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Discussion Starter #1 (Edited)
I have just read,with interest, a discussion on a motorcycle helmet's useful life on the Other Classifieds section.

I'd like to open the discussion here.

I am one of the "every 5 years" guys based on the information I have been able to read...until the recent thread.

Please express your intelligent opinion here:smoking:

(Bonus points if you can explain, in simple terms, the title of this thread.)
 

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Heisenberg and Schrödinger get pulled over for speeding.
The cop asks Heisenberg "Do you know how fast you were going?"
Heisenberg replies, "No, but we know exactly where we are!"
The officer looks at him confused and says "you were going 108 miles per hour!"
Heisenberg throws his arms up and cries, "Great! Now we're lost!"
The officer looks over the car and asks Schrödinger if the two men have anything in the trunk.
"A cat," Schrödinger replies.
The cop opens the trunk and yells "Hey! This cat is dead."
Schrödinger angrily replies, "Well he is now."

I love that joke!
So if the helmet is in the box it is alive (good to use) until you open the dated box of course! :):):)
My oldest daughter is getting her doctorate in theoretical math!

Ed :)
 

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Discussion Starter #3
Love the joke, Ed. Good interpretation, but within the context of the conversation, it's not quite right.
(Good luck to your daughter!)
 

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Helmet Compass song.
 

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Well I gotta chime in, here is shoei's info right from their page:

"Helmet Replacement
Ultimately, the useful service life of a safety helmet is dependent on the intensity and frequency of its use. Helmet replacement is recommended even if only one of the under-mentioned points applies:

The helmet was subjected to an impact.
The comfort padding or the retention system has become loose due to heavy use or display signs of deterioration.

The synthetic foam padding displays signs of heavy use and the helmet feels too loose. Test: with the retention system fastened, the helmet turns to the side when you gently shake your head.
There are indentations in the EPS liner and/or white scratches can be seen on surfaces with black paint.

Even if none of these is applied, we, SHOEI, recommend replacement in 5 years after it's first purchased at retail."

As it states the 5 year period is after it has been purchased at retail. Its from the time you bought the helmet and started using it. It has nothing to do with useful life of materials or when it was manufactured. The other points are valid. If you were to purchase a helmet made in 2008 and it was brand new never used it would be perfectly fine.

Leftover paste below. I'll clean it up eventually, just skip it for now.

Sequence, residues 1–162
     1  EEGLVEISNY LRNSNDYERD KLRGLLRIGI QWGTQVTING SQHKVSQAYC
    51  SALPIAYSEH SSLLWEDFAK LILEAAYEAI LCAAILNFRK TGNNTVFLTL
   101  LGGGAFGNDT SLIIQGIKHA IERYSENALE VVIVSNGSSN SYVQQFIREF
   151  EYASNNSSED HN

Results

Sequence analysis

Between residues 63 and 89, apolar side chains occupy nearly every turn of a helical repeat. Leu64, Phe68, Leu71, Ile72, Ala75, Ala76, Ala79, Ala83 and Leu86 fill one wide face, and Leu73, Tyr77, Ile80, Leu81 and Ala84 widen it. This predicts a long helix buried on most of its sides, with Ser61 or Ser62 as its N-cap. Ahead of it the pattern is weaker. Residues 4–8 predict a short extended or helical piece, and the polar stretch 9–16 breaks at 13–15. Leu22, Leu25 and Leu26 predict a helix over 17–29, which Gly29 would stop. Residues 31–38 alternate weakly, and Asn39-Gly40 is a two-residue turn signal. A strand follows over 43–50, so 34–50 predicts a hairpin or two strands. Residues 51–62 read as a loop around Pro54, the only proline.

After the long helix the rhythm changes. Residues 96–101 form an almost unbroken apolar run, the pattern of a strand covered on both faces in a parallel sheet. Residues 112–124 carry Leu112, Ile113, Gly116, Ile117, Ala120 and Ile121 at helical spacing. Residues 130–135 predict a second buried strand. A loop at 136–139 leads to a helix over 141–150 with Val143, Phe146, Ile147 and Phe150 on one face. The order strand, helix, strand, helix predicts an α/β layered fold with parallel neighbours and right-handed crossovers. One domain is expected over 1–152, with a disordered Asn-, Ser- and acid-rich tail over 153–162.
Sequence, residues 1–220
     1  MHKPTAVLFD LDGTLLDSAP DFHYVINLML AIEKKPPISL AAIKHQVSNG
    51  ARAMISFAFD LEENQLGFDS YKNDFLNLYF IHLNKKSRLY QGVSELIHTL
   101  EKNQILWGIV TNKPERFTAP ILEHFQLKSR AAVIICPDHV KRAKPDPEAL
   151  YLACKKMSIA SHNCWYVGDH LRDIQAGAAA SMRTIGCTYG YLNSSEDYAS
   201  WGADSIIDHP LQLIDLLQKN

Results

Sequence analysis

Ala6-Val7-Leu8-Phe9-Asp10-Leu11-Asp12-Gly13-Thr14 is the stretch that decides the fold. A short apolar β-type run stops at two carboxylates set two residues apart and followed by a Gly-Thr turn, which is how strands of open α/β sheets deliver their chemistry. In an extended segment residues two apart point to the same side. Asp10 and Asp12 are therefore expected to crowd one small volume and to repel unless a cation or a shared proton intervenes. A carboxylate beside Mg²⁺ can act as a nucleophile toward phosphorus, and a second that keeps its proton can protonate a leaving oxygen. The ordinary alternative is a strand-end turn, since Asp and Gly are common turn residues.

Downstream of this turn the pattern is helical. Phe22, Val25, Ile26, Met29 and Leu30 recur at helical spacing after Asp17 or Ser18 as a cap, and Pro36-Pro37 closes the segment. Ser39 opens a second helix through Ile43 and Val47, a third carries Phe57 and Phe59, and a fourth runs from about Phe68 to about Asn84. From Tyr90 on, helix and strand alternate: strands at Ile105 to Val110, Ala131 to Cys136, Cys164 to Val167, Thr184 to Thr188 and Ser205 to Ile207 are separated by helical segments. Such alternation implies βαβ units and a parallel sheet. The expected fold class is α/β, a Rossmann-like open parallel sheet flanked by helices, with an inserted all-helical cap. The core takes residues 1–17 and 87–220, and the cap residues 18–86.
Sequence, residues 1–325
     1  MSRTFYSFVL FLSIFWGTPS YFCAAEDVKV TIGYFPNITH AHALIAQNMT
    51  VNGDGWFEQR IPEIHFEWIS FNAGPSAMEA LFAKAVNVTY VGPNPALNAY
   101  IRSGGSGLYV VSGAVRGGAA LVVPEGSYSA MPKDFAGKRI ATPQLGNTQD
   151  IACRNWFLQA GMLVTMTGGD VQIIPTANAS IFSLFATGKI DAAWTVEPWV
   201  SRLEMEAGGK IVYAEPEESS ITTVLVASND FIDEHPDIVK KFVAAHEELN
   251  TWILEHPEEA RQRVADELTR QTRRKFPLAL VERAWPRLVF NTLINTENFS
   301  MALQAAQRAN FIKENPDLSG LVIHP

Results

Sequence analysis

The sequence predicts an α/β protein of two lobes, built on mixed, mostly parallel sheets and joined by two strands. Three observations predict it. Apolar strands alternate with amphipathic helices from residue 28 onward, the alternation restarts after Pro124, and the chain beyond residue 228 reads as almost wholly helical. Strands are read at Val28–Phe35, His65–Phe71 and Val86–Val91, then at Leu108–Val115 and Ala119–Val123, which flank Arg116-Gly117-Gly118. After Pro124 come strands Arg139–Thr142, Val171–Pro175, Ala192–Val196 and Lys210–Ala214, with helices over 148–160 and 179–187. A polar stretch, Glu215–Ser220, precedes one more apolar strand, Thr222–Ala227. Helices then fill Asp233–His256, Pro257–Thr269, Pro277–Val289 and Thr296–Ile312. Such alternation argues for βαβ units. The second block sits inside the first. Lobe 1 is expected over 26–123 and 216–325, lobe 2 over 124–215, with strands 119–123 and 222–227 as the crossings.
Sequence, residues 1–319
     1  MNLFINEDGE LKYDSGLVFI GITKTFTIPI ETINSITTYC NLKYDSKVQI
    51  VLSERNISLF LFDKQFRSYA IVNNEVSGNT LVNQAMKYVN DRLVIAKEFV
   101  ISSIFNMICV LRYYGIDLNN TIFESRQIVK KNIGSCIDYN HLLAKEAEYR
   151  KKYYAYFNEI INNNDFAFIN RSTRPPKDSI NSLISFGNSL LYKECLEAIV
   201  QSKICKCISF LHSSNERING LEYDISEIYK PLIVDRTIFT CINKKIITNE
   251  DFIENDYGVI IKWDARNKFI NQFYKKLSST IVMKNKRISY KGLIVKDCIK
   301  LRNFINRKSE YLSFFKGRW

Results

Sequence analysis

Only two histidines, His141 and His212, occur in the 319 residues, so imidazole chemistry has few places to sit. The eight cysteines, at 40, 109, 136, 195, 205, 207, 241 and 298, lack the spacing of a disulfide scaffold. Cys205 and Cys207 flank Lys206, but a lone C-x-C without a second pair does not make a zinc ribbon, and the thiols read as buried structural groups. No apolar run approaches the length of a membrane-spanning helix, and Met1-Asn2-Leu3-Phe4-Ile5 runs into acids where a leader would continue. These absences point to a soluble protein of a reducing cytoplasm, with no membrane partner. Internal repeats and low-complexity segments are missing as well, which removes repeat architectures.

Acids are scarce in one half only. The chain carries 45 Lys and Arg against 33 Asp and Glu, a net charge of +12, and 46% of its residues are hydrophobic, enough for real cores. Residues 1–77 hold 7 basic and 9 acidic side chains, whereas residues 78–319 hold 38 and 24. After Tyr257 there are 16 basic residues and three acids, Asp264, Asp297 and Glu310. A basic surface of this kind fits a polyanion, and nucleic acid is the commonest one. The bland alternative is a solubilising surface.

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Discussion Starter #6
Arai has similar recommendations.

I know, from personal experience, that things made from foam degrade with exposure to use and some just simply degrade over time. Glues become brittle and no longer perform their function at some point.
 

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I do the 5 year or damage as referred to by shoei as I run their helmets.

As a mechanical engineer by trade and institution I had a few physics and theory classes so here goes.

Heisenberg had the uncertainty principle while Schrodinger concocted the physics contradicting common sense with his cat theory.

So although Heisenberg states he didn't know how fast they were going but knew exactly where they were meant that he couldn't possibly know how fast they were going due to his uncertainty principle stating you can't in fact know the location and speed of any given particle or item. After the cop tells him his exact speed Heisenberg is upset because knowing his speed means he couldn't be right about his location due to his own theory.

Schrodinger on the other hand knew the cat was simultaneously both alive and dead at the same time until the box it was in was opened. Implying that Schrodinger's cat paradox was taking place in the back of the car that Heisenberg was driving. As the officer opened the box there was a 50/50 chance that the cat would be dead or alive. In this instance the cat was dead which upset Schrodinger...obviously because his own cat is now dead due to the experiment.



The Schrödinger cat paradox (yes I decided to spell it right there) has gained quite a lot of popularity lately for one reason or another. For those that aren't familiar with it, it was a thought experiment against the Copenhagen interpretation on quantum mechanics and how they related to common things. So after saying that Schrodinger proposed that there is a box, in that box is a cat, a radioactive isotope, a Geiger counter, a jar of poison and a hammer. The box is rigged in a manner that if the Geiger counter detects radioactive decay that it will trigger the hammer to break the jar of poison this killing the cat.